Androgen receptor status predicts development of brain metastases in ovarian cancers
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Gloria Mittica1,2,*, Rebecca Senetta3,*, Giulia Scotto1, Massimo Aglietta1,2, Furio Maggiorotto4, Eleonora Ghisoni1,2, Sofia Genta1,2, Renzo Boldorini5, Claudia Manini6, Isabella Morra7, Roberta Buosi8, Anna Sapino3,9, Paola Cassoni9,* and Giorgio Valabrega1,2,*
1Department of Oncology, University of Turin, Turin, Italy
2Division of Medical Oncology-1, Candiolo Cancer Institute-FPO- IRCCS, Candiolo, Italy
3Unit of Pathology Candiolo Cancer Institute-FPO- IRCCS, Candiolo, Italy
4Division of Gynecologic Oncology, Candiolo Cancer Institute-FPO- IRCCS, Candiolo, Italy
5Department of Health Science, University of Eastern Piedmont “Amedeo Avogadro”, Novara, Italy
6Unit of Pathology, Giovanni Bosco Hospital, Turin, Italy
7Unit of Pathology, Città della Salute e della Scienza, Turin, Italy
8Division of Oncology, Santo Spirito Hospital, Casale Monferrato, Italy
9Department of Medical Sciences, University of Turin, Turin, Italy
*These authors have contributed equally to this work
Giorgio Valabrega, email: [email protected]
Keywords: androgen receptor, ovarian cancer, brain metastases
Received: November 24, 2016 Accepted: March 17, 2017 Published: April 12, 2017
Brain metastases are uncommon localizations in epithelial ovarian cancer (EOC), their reported incidence is increasing and no predictive biomarkers have been identified yet. Goals of this study were: i) to define a possible association between Estrogen Receptor (ER), Progesterone Receptor (PR), Androgen Receptor (AR),human EGF receptor 2 (HER2) and brain progression in EOC patients, and ii) to identify differences in ER, PR, AR and HER2 protein expression from primary EOC and its matched resected brain metastasis. A retrospective series of 11 EOC with matched brain metastasis surgically removed was collected. For comparison, a “Control dataset” of 22 patients, without evidence of brain involvement after an adequate follow up was matched. ER, PR, AR and HER2 status were analyzed by means of immunohistochemistry forCases (both primary and metastatic lesions) and Controls.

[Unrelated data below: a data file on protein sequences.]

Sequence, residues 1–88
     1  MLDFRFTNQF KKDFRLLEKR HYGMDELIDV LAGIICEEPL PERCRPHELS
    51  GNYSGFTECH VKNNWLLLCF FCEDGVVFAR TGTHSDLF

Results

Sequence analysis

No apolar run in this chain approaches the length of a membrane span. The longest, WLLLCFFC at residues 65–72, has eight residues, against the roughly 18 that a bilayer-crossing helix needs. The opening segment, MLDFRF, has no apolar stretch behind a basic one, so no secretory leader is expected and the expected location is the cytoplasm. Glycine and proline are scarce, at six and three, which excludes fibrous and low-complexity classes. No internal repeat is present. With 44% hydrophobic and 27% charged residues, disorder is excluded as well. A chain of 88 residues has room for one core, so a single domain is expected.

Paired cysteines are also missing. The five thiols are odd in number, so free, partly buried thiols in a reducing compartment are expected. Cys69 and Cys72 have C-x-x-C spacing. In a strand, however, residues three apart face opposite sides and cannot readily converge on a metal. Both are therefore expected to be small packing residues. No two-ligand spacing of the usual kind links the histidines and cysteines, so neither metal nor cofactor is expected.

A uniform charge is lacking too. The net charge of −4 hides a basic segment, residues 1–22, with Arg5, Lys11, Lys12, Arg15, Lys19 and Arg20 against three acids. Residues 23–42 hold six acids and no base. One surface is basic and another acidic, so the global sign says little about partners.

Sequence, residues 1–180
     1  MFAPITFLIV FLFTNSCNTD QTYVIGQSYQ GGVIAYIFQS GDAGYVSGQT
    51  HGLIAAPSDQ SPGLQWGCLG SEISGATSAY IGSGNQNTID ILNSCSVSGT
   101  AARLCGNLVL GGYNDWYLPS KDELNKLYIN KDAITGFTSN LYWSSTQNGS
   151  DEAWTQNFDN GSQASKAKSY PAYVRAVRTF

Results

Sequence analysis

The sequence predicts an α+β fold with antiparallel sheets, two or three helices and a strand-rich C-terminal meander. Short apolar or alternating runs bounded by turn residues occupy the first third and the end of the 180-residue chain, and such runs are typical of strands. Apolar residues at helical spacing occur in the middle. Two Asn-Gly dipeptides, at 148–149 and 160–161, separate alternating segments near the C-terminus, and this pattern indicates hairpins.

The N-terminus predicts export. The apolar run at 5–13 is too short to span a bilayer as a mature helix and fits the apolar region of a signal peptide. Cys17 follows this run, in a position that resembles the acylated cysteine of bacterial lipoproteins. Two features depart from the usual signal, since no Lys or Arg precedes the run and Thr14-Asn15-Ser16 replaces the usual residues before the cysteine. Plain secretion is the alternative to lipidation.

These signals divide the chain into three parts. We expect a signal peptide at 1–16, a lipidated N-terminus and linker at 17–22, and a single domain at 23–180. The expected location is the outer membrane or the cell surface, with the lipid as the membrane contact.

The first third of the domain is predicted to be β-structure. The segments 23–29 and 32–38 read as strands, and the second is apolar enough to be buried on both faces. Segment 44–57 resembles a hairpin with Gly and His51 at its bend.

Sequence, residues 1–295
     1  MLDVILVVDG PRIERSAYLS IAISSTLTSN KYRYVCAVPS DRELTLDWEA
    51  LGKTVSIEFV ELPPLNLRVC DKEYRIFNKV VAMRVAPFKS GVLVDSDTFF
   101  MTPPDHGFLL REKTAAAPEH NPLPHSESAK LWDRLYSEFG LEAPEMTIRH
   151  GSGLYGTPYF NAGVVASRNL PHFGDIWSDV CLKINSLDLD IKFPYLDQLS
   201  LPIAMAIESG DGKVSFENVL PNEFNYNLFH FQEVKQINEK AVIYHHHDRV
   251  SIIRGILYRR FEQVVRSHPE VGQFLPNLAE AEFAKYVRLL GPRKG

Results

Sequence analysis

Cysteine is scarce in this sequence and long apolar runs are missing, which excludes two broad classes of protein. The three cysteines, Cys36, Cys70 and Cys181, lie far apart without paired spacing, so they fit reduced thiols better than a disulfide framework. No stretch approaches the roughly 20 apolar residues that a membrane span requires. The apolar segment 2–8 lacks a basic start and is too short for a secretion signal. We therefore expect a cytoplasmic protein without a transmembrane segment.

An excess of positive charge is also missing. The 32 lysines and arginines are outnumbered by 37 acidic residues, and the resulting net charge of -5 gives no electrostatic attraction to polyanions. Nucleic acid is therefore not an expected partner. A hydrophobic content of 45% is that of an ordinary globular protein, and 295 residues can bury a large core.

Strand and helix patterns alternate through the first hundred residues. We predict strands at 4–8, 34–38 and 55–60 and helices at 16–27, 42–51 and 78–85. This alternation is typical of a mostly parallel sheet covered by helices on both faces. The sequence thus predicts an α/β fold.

Univariate analysis showed that AR status was significantly associated with brain localization, both considered as discrete variable (cut-off: 10%, p=0.013) and as continuous one (p=0.035). Multivariate analysis confirmed this trend (p=0.053). When considered as continuous variables, ER and AR showed greater expression in primary tumors in comparison with brain metastases (p=0.013 and p=0.032, respectively).
In our series, AR predicts brain involvement, with a 9.5 times higher propensity for AR-negative EOC. Moreover, brain dissemination is probably the result of progressive dedifferentiation of primary tumor, shown by reduction of ER and AR expression in metastases. Further studies are required, in order to anticipate and improve multimodal treatment of brain metastases.
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